UNITED STATES PATENT OFFICE CERTIFICATE OF CORRECTION Q patent 3,849,092 Dated November 19, 1974 Even Bakke et a1. lnventor(s) It is certified that error appears in the above-identified patent and that said Letters Patent are hereby corrected as shown below:

Column 1, line 40, "removably" should read removable Column 4, line 68, after "dirty" insert air 0 a I Signed and Sealed this first Day of June1976 Arrest.-

RUTH c. MASON c. MARSHALL DANN Arresting Officer Commissioner nj'latenu and Trademarks

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Referenced by
Citing PatentFiling datePublication dateApplicantTitle
US4158554 *Apr 26, 1978Jun 19, 1979Standard Havens, Inc.Baghouse, pollution control
US4498913 *Oct 6, 1983Feb 12, 1985Nordson CorporationApparatus for filtering air for a powder spray booth
US4813184 *Nov 23, 1987Mar 21, 1989Draftex Industries LimitedSealing arrangements
US4923074 *Oct 28, 1988May 8, 1990Trailstar ManufacturingTailgate and tailgate seal
US5000767 *May 30, 1990Mar 19, 1991Pneumafil CorporationDust collector with pneumatic seal
US5078765 *Nov 8, 1989Jan 7, 1992Daimler-Benz AgFilter insert received exchangeably by a shaft along a channel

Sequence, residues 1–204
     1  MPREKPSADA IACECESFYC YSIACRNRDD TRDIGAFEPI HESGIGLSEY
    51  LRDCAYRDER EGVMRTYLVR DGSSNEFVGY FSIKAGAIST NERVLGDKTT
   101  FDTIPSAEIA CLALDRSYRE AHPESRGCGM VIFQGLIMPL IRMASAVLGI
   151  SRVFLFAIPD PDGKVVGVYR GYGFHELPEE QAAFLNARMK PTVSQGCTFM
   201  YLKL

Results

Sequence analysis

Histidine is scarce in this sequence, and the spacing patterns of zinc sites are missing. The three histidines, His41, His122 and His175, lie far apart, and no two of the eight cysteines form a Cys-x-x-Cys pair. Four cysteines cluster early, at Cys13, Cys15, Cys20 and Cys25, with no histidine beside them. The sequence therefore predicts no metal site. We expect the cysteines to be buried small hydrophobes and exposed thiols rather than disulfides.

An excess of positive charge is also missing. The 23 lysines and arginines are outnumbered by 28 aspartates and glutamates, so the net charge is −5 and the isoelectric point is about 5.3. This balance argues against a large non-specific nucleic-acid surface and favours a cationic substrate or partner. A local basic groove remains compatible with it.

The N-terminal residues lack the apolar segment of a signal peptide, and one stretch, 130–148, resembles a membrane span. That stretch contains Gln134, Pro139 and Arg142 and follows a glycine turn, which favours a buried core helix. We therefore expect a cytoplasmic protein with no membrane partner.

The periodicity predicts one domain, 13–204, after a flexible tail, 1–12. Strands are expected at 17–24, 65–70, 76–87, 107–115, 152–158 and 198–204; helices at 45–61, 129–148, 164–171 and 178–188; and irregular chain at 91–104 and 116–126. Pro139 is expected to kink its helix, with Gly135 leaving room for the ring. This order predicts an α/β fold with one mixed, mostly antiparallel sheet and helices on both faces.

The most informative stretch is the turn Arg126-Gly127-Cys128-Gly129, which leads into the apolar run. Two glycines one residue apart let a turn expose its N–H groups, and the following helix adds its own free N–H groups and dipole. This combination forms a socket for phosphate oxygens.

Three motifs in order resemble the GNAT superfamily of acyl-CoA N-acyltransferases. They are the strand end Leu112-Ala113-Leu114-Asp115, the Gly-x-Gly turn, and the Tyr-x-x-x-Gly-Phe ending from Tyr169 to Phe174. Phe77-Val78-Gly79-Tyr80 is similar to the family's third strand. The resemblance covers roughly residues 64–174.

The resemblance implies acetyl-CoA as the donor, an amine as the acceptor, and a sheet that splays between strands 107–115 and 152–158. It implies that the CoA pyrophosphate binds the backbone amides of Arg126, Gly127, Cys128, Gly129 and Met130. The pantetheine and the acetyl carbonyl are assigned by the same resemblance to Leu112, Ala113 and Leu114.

US5256312 *Jul 2, 1992Oct 26, 1993Letersky Leonard APneumatic sealed filter
US5290345 *Jan 13, 1993Mar 1, 1994Donaldson Company, Inc.Refillable gas adsorption bed assembly and counterflow adsorber module
US7833299 *Feb 3, 2005Nov 16, 2010Strionair, Inc.Filters and filter assemblies with bypass seal
EP0367993A1 *Oct 5, 1989May 16, 1990Daimler-Benz AktiengesellschaftFilter insert exchangeably received by a shaft in the course of a conduit
EP2129446A2 *Mar 25, 2008Dec 9, 2009Pergande Gesellschaft Für Industrielle Entstaubungstechnik MbhHolding device for a filter element
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Classifications
U.S. Classification55/302, 55/481, 55/502, 55/341.1, 49/477.1
International ClassificationB01D46/42, B01D46/04, B01D46/02
Cooperative ClassificationB01D46/4281, B01D2271/02, B01D46/02, B01D46/0068, B01D46/008
European ClassificationB01D46/42W, B01D46/02, B01D46/00R40A, B01D46/00R80